‘A Woman’s Tongue’: Representations of Gender and Swearing in Australian Legal and Media Discourse

Taylor & Francis (Routledge)
Publication Type:
Journal Article
The Australian Feminist Law Journal, 2020, 41, (1), pp. 1-25
Issue Date:
Full metadata record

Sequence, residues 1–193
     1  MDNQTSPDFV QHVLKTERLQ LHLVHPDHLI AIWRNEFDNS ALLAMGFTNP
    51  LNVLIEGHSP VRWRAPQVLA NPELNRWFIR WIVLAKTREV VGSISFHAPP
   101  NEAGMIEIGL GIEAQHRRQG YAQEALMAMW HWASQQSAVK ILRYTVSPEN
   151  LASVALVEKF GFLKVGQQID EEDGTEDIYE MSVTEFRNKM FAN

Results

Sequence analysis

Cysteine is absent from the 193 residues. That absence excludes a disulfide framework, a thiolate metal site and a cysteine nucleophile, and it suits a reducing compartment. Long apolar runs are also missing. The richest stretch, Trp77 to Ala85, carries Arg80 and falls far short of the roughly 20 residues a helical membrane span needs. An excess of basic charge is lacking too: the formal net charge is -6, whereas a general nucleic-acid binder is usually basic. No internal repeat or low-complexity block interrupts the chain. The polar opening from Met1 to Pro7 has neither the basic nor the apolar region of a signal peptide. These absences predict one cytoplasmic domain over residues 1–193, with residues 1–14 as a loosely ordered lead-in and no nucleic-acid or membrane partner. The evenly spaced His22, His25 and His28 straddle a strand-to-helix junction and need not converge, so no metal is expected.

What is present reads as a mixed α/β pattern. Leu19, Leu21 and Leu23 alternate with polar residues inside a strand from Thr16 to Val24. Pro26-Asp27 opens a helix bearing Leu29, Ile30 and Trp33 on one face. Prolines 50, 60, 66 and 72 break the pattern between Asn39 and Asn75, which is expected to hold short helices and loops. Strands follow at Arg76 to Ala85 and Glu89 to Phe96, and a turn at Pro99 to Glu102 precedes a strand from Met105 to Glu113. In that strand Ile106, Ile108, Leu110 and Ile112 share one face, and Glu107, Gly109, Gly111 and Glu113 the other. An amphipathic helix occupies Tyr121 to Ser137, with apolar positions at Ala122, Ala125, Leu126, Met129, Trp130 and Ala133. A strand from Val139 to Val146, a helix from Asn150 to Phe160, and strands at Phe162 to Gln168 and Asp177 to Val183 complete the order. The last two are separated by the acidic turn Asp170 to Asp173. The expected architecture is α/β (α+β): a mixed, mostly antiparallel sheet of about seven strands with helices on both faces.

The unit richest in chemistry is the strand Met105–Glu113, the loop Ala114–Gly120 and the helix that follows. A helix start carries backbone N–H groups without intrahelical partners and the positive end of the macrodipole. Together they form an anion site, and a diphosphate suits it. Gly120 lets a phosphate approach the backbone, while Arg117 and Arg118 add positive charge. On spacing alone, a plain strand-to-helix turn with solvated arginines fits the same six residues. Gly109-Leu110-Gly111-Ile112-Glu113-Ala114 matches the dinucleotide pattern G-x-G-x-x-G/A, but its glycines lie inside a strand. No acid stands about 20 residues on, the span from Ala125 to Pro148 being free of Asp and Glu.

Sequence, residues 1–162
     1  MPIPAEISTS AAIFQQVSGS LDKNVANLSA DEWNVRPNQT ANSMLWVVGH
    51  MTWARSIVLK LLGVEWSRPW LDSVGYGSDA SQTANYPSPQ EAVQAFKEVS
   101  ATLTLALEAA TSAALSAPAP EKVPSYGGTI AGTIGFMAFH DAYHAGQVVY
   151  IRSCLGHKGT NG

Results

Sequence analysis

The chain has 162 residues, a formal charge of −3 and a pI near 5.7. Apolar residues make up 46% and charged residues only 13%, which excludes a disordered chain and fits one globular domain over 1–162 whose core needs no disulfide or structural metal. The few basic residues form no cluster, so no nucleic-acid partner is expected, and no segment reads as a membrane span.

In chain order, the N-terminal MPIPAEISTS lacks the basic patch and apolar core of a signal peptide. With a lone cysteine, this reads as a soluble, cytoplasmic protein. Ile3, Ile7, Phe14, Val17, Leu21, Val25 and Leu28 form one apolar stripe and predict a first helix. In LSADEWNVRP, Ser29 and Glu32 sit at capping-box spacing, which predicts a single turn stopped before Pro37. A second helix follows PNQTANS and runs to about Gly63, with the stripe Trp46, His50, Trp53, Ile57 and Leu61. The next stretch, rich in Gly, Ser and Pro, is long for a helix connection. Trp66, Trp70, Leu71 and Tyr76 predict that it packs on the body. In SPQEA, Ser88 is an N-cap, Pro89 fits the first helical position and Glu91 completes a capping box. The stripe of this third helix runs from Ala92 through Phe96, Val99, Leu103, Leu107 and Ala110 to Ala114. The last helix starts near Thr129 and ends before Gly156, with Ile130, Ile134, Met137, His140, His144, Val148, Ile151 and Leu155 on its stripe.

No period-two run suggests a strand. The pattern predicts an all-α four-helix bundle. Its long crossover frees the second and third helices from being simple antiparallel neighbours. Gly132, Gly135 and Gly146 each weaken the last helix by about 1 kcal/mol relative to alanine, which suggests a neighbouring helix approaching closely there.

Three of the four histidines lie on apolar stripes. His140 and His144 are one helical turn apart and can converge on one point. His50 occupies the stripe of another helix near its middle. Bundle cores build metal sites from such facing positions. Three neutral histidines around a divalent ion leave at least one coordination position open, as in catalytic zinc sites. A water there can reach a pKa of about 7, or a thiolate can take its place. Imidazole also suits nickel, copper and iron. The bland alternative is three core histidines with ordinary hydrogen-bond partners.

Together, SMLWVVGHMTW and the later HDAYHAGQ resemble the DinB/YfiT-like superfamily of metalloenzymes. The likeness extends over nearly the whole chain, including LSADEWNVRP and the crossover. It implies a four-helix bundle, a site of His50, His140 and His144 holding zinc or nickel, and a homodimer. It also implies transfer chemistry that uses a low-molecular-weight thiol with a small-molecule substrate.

This article considers historical and contemporary representations of the relationship between gender and swearing in Australian obscene language trials. An examination of language ideologies articulated in media and legal discourse in nineteenth and early twentieth century Australia reveals how swearing by women was often depicted as unladylike, and swearing in the presence of women, considered undesirable. Commonly-articulated ideas about gender and swearing prevalent in this period have become naturalised over time, so that they form part of judicial ‘common sense’ in contemporary offensive language jurisprudence. In addition, the idea that swear words are especially offensive when uttered in the presence of women has functioned to legitimise the criminal punishment of swear words used by Indigenous women towards police. The article argues that there is a need to recognise the presence of gendered language ideologies in discourse, including the role they play in maintaining hierarchies and obscuring cultural differences.
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